Round Lake is located just north of Albany, New York, and is connected to the Hudson River by the Anthony Kill. Almost a decade ago, a former hunting camp on the lake’s western shore was on the verge of being turned into a residential subdivision when the Town of Malta (where the land is located) and local conservation groups stepped in to purchase the 20-acre waterfront parcel and development rights to land surrounding the camp. Last fall, the Round Lake Preserve – a 90-acre wildlife sanctuary that is the culmination of a 10-year effort by various persons, organizations and governmental agencies to preserve recreational open space for current and future generations – finally opened to the public.
A key feature in the Preserve is a handicap-accessible boardwalk, which leads through wetlands and terminates in a boat launch. From the launch, one can paddle a canoe or a kayak (no motors allowed) back and forth in the serpentine flow of the Anthony Kill upstream to Round Lake or downstream to the Hudson River several miles away. Our construction firm was hired as a subcontractor to build the 300-ft. long x 8-ft. wide boardwalk.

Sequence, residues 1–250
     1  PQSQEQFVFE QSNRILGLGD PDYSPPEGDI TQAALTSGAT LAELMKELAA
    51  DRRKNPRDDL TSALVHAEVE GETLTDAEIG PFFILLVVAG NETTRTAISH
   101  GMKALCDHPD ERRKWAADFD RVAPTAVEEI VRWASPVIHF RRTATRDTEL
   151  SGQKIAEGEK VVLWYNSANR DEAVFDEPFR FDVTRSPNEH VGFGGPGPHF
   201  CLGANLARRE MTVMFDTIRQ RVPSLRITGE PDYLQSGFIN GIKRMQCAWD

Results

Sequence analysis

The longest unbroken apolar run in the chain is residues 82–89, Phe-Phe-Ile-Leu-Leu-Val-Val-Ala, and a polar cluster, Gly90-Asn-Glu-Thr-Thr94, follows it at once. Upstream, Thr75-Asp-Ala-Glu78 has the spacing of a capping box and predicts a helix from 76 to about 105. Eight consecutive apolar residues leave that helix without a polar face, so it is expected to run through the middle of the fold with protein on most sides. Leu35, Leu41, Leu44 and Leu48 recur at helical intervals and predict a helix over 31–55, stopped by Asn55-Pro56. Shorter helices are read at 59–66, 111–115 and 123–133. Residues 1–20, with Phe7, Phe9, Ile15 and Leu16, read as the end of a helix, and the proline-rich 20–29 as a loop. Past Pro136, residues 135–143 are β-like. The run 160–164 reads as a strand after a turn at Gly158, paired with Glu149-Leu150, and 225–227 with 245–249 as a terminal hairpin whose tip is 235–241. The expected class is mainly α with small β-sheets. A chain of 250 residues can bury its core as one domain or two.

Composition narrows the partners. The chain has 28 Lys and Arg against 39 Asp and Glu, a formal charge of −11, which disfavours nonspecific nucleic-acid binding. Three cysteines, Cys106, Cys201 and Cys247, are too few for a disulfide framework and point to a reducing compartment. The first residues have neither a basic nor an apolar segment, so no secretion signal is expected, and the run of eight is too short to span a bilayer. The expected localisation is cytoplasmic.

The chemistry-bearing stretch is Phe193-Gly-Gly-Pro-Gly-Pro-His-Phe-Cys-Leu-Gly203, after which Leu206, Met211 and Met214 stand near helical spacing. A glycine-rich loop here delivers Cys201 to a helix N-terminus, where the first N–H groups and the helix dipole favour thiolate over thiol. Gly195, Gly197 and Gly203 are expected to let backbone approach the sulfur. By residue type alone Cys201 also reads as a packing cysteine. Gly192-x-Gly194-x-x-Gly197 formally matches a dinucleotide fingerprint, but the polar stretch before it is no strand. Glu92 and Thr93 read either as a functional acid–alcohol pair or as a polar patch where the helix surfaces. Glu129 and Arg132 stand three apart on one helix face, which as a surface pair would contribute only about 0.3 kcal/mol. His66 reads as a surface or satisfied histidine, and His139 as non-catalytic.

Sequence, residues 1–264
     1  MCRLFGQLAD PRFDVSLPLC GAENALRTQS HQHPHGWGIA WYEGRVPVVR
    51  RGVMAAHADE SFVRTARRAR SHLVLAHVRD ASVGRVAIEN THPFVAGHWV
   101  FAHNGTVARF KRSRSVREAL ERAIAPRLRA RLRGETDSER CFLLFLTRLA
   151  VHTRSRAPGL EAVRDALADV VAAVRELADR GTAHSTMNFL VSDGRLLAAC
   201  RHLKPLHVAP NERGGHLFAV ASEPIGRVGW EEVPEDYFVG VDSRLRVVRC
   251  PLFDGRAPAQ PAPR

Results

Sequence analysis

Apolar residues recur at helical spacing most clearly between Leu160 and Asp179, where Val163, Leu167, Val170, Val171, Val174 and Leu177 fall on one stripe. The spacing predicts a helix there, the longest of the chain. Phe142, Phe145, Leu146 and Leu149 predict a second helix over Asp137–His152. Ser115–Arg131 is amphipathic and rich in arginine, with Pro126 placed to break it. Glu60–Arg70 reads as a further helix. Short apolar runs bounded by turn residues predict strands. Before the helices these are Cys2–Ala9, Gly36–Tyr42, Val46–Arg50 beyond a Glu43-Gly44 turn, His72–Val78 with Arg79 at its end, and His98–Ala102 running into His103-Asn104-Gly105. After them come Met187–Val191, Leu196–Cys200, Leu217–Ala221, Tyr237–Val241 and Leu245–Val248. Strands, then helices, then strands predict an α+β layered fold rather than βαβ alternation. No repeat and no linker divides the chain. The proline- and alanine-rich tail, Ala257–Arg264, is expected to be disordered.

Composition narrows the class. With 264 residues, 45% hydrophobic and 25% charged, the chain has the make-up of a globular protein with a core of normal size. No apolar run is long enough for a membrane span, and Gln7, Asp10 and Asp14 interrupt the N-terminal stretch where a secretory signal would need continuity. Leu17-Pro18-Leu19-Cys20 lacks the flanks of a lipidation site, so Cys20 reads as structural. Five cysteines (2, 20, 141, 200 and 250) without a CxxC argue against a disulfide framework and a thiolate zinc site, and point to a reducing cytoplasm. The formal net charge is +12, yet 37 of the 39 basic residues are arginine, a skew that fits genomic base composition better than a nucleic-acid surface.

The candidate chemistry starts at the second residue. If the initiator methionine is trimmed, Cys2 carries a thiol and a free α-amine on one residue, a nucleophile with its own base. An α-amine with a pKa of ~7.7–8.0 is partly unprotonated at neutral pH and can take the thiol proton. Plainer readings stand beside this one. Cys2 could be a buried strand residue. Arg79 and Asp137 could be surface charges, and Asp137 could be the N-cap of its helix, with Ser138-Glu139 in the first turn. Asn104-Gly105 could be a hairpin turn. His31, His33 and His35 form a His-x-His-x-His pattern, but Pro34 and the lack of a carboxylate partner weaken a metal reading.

Helical Pile Foundation
Working from a set of plans prepared by the LA Group, a landscape architecture and engineering firm in nearby Saratoga Springs, we began construction of the boardwalk in the autumn of 2014. Because the boardwalk would be built through sensitive wetlands, we had to take extra measures to minimize our impact on the environment during construction.